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Macau Grand Prix limits noise level

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The Macau Grand Prix Committee (MGPC) has held a press conference in order to detail the preparations for the upcoming 61st Macau Grand Prix, which will take place between November 13 and 16. The Committee’s Coordinator of the Sporting Subcommittee, Mr. Chong Coc Veng, has indicated that the organizer will add new clauses to the regulations in order to limit the average noise level to a maximum of 115 decibels (dB).
“This year, we have set the standard with a maximum noise level of 115dB. The way we manage this is that we first draft the regulation, where we will clearly state the [noise] limit,” said Chong Coc Veng. “Before the race starts, we will also include [a method of checking] noise levels in the vehicle examination procedure. There will be machines for our staff members to raise the motor to a certain revolution count, and see if it will [generate noise levels] that exceed the limit. If it [the motor] really exceeds the limit, we will impose restrictions on its racing condition.” He added that there are different noise restrictions in different venues, and that this is the first time MGPC has set a noise limit.
The organization will start preparations for the race in July, including racetrack re-
paving and the installation of fences. The MGPC Coordinator, João Costa Antunes, stressed that most of the operations will be carried out at night “to cause minimum inconvenience for the residents.”
Furthermore, the Coordinator suggested that, after trailing last year and analyzing together with the traffic department, MGPC has decided to re-pave the racetrack during the summer holiday in July, August and September. Most of the section from the Estrada de São Francisco to Rua dos Pescadores will be re-paved during weekend hours, while the re-pavement of the section from Avenida da Amizade to Avenida de Lopo Sarmento de Carvalho will be conducted at night. All operations on Avenida da Amizade that will take up lanes (such as installing safety fences and the transportation of trucks) will move to the timeslot between 8 p.m. and 6 a.m. “The biggest change is that we hope the majority of the construction will be carried out at night. This means that we will have enough time and can mitigate the disturbance to residents. Last year, the operations were in August and September. This year, we want it to be earlier and we will have re-paving in July, August and September. Not only is it done earlier but we can spread them over a wider period.” The organizer will also increase the number of gates along the racetrack to nine, in order to divert car traffic more efficiently.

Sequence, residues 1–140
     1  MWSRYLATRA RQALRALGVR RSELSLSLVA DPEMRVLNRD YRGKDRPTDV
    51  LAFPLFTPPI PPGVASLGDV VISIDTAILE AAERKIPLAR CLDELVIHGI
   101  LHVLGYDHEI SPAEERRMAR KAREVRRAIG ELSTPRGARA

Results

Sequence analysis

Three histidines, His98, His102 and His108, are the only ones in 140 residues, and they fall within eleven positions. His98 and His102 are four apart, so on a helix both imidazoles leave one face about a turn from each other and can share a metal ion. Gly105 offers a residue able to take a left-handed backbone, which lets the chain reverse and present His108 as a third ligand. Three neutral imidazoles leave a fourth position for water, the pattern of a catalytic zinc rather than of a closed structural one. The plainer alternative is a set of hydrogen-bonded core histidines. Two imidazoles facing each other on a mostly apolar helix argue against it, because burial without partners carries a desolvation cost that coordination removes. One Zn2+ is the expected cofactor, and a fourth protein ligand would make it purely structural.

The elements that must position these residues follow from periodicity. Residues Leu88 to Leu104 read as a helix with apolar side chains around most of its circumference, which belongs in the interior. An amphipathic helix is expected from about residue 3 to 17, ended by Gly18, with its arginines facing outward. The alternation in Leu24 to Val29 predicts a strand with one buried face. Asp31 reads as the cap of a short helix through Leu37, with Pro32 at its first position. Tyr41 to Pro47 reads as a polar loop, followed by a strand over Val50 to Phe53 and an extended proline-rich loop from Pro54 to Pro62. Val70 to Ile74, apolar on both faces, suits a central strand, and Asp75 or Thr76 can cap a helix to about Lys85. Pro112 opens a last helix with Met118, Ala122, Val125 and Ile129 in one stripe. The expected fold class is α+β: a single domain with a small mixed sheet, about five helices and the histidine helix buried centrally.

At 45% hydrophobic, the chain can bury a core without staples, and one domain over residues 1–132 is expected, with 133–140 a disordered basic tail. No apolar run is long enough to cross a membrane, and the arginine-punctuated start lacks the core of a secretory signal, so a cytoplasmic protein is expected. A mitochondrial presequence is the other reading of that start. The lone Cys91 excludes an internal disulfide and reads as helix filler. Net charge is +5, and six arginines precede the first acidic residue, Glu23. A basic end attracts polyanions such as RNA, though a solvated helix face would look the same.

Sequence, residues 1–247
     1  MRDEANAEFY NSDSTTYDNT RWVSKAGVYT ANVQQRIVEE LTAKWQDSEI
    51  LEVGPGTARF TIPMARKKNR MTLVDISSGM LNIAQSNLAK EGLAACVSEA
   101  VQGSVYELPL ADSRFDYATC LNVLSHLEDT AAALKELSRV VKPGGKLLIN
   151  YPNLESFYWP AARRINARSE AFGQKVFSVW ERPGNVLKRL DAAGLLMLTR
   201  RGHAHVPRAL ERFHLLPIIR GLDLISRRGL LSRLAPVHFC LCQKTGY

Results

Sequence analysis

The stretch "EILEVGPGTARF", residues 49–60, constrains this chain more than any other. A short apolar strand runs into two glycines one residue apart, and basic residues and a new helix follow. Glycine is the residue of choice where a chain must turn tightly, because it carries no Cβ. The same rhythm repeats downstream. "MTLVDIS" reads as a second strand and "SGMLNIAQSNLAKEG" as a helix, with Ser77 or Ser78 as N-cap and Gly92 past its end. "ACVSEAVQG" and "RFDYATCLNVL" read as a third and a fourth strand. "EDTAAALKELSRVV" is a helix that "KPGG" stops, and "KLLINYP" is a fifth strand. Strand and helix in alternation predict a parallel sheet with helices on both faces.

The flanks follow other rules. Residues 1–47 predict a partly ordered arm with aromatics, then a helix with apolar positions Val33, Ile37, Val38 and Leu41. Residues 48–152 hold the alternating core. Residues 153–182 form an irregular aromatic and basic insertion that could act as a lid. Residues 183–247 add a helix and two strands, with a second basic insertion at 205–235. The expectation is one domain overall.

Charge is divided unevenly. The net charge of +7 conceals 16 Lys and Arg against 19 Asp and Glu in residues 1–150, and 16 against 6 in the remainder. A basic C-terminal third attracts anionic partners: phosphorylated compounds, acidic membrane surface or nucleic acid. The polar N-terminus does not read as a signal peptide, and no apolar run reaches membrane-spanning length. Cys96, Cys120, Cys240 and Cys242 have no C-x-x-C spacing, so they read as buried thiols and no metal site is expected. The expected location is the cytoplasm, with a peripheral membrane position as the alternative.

As for the second stage of the GP control tower project, Costa Antunes has stated that the scheme is unfinished and that there will be no construction this year. “As we can see, our project is not finished. We only completed the first stage. We are still waiting for permission from the Land, Public Works and Transport Bureau for the second-stage construction. The expansion of the tower will have to wait until we have an overall plan that includes the car park and other facilities. We are still in the planning stage. Our decision is to halt the construction this year.”
The Coordinator revealed that the budget for last year was around MOP287 million and that the budget for this year is approximately MOP190 million. However, he explained that people should not compare this year’s budget with that of 2013, because the racing period was longer last year due to the 60th race anniversary. The 2014 budget is still, however, 15 percent higher than that of 2012.
In addition, last year’s overall income registered an increase of MOP64 million year-on-year. The increase in ticket sales alone totaled MOP14 million. “This year, we estimate that the income will be around MOP40 million, which means that there will be a 10-percent increase compared with the race in 2012,” Costa Antunes added. This year, the program of races will be shortened, since the Interport race, traditionally contested by Hong Kong drivers and local drivers, will not take place.

Noise reduction not welcomed in F1

A decision has been made to change the engines in Formula 1 cars to V6 turbo hybrids, which are supposed to be quieter. The Formula 1 CEO, Bernie Ecclestone, said that he was “horrified” by this idea, and has always made it clear that he does not support the change of engines, which will, he suggested, produce a less intense noise that will consequently make the races less exciting for spectators. The Telegraph reported that the Australian Grand Prix even threatened to sue for breach of contract because of the “lack of noise,” saying that it can affect ticket sales. In return, Ecclestone promised to find a way to make the cars with the new engine sound “more like racing cars.”

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Sinibaldi 18/04/2014 11:07:15
Glimmers of spring.

The sound of
the springtime
near a path full
of desires, the
matin serenity,
a delicate sadness
where the sunshine
outshines with
an inner recall.

Francesco Sinibaldi
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